God spoke to Moses, saying: Tell the Israelite people to bring Me gifts;
you shall accept gifts for Me from every person whose heart is so moved.
And these are the gifts that you shall accept from them: gold, silver, and copper;
blue, purple, and crimson yarns, fine linen, goats’ hair;
tanned ram skins, dolphin skins, and acacia wood;
oil for lighting, spices for the anointing oil and for the aromatic incense;
lapis lazuli and other stones for setting, for the ephod and for the breastpiece.
And let them make Me a sanctuary that I may dwell among them. (Ex. 25:1-8)
In this week’s parsha, Terumah, we bring gifts. Everyone brings something different, and everyone has something to bring. Maybe that’s what makes what we build together a mikdash, a holy place. In English, a sanctuary: a sacred space of protection and care. When we co-create safety, then God can dwell among us or within us. (And as always, if the “G-word” doesn’t work for you, substitute something that does: meaning, justice, compassion, hope.)
וְעָ֥שׂוּ לִ֖י מִקְדָּ֑שׁ וְשָׁכַנְתִּ֖י בְּתוֹכָֽם׃ / va’asu li mikdash v’shakhanti b’tokham / “Let them make Me a sanctuary that I might dwell within (or among) them.” The Hebrew שָׁכַנְתִּ֖י / shakhanti, “that I might dwell,” shares a root with the name Shekhinah – the Presence of God with us and within us. It’s the same root as the Hebrew word שְׁכוּנָה / shekhunah, neighborhood. The Hebrew אני שוכן / ani shokhein, “I dwell,” is cousin to the Arabic أنا أسكن / ‘ana ‘eskun, “I dwell…”
Torah spends many weeks describing the Mishkan, the portable dwelling place for God that our ancestors built in the wilderness. The story of the mishkan is always also a story about something bigger and deeper. It’s not “just” about the lavish descriptions of blue, purple, and crimson yarns, the hammered gold and copper, the linen and acacia wood. This is Torah’s sacred instruction manual on creating community. Step one: community means everybody.
Torah reminds us that we build community together, each with our own gifts. The holy work of building community comes with some obligations. First off, we have to respect each others’ offerings and perspectives. We have to remember that together we are more than the sum of our parts. And we have to remember that the way to build a home for the Holy, for truth and justice and compassion and hope, is to all be involved in building it together.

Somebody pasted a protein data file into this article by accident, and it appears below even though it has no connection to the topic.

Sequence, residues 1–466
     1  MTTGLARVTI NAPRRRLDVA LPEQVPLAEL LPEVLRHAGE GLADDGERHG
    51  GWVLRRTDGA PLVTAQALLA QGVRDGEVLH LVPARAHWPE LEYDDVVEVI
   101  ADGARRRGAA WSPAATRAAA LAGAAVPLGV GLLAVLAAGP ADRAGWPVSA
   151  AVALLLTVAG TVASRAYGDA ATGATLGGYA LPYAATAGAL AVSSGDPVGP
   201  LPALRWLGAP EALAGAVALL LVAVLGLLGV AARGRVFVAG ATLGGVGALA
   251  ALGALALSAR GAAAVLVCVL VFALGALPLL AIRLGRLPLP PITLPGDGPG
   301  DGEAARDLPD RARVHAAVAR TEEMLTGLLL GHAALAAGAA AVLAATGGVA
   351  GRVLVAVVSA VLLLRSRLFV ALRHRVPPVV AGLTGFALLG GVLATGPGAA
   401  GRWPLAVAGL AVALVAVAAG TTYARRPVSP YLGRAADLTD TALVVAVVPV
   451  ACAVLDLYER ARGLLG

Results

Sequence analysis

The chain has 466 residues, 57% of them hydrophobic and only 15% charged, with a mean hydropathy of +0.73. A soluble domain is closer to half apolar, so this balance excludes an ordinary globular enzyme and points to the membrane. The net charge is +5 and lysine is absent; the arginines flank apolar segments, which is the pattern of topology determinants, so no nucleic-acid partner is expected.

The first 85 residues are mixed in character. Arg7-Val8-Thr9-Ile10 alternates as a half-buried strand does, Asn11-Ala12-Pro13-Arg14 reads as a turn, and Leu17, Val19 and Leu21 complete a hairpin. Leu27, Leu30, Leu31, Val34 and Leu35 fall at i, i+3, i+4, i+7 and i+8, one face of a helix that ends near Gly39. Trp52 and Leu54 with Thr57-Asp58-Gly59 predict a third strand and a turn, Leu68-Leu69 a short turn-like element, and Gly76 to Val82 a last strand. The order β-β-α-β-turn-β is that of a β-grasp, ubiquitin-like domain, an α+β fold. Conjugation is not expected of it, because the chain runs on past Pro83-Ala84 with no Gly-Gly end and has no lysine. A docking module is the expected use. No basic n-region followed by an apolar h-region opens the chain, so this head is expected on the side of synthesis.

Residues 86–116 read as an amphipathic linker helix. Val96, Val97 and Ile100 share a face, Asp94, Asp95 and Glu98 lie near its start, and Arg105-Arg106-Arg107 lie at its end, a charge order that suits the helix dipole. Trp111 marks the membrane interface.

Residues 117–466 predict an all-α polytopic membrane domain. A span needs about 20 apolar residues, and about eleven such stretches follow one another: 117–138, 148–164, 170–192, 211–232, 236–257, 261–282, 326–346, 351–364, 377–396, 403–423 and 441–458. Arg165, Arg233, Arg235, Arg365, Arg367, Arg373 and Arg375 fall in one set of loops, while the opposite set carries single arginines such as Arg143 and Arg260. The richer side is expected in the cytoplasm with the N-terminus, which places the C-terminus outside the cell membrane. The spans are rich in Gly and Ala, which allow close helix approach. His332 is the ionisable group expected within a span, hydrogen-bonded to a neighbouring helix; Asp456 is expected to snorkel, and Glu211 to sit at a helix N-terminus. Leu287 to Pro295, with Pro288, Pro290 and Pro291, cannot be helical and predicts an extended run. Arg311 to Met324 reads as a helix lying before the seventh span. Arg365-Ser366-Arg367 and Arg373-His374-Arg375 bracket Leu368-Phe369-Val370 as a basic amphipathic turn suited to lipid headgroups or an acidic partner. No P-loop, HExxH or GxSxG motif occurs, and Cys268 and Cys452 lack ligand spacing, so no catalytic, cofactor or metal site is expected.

And there’s a corollary, which is that everyone has something to give. I’m not talking about donations, though every community needs funds to keep itself going and ours is no exception. I mean the inner qualities we each bring to the table. Passion and perseverance. Kindness and steadfastness. Community-mindedness. Patience. The fire of justice and activism, and the still waters of care and calmness. The community wouldn’t be whole without all of us.
This is an easy platitude that can be difficult to live: especially when we disagree, or when we feel afraid, or when emotions run high. This understanding of community asks us to cultivate curiosity about each others’ perspectives and hopes and dreams, and to resist stereotyping each other or writing each other off. This might sound small, but it’s hugely important. I mean, according to Torah, this is literally how we make space for God in our world.
We make space for God – for justice, for holiness, for our highest ideals – when we all pitch in to build a community that’s broad and resilient enough to be a home for all of us. That’s our aspiration here. Our Jewish community here is for all of us. You belong here – whether you’re a fourth generation local, or you just moved here; whether you were born into Judaism or chose it yourself; whether your Jewishness focuses you inward or outward.
You belong: whether what brings you through the door is spiritual life and practice, or activism and social justice, or music, or mitzvot, or social life and connections. And you belong no matter what path you think will best bring Israel and Palestinians to a just, lasting, and safe peace. We are a tiny synagogue community. Within our fewer-than-100 members we span the gamut of opinions about Israel and Palestine. I know this because y’all have told me so.
This is an upside of smalltown life. I imagine that in a city, people might self-select to different synagogues. But in northern Berkshire, we’re it. Which means we have to find a way to be in community even when we disagree… even about the big questions, like which tune is the right one for Adon Olam. I’m joking, but I also really mean it. Torah’s whole vision of holy community assumes that we are different, and we figure out how to be there for each other anyway.
I am committed to the proposition that we all belong in Jewish community, and that we owe it to each other to make it work. I believe our diversities are the gifts we each bring to the construction of this sacred community. And I believe that in listening to each other, with openness, humility, and care, we make space for that infinite possibility of transformation that our tradition names as God. When we hold space for our differences, we make community holy.
Torah asks us each to bring our gifts if our hearts are so moved. If your heart moves you to do the work of showing up, I’m here to listen and learn. My ask of all of us, including myself, is: come with curiosity. Assume the best of others. And keep an open heart. Bring your gifts, and appreciate what others bring. That’s how holy community is built: not once, but over and over again, in every interaction. Even when it isn’t easy. Maybe especially then.
I am so glad to be building this community with all of you.
This is the d'varling I offered at Kabbalat Shabbat services at Congregation Beth Israel of the Berkshires (cross-posted to the From the Rabbi blog.)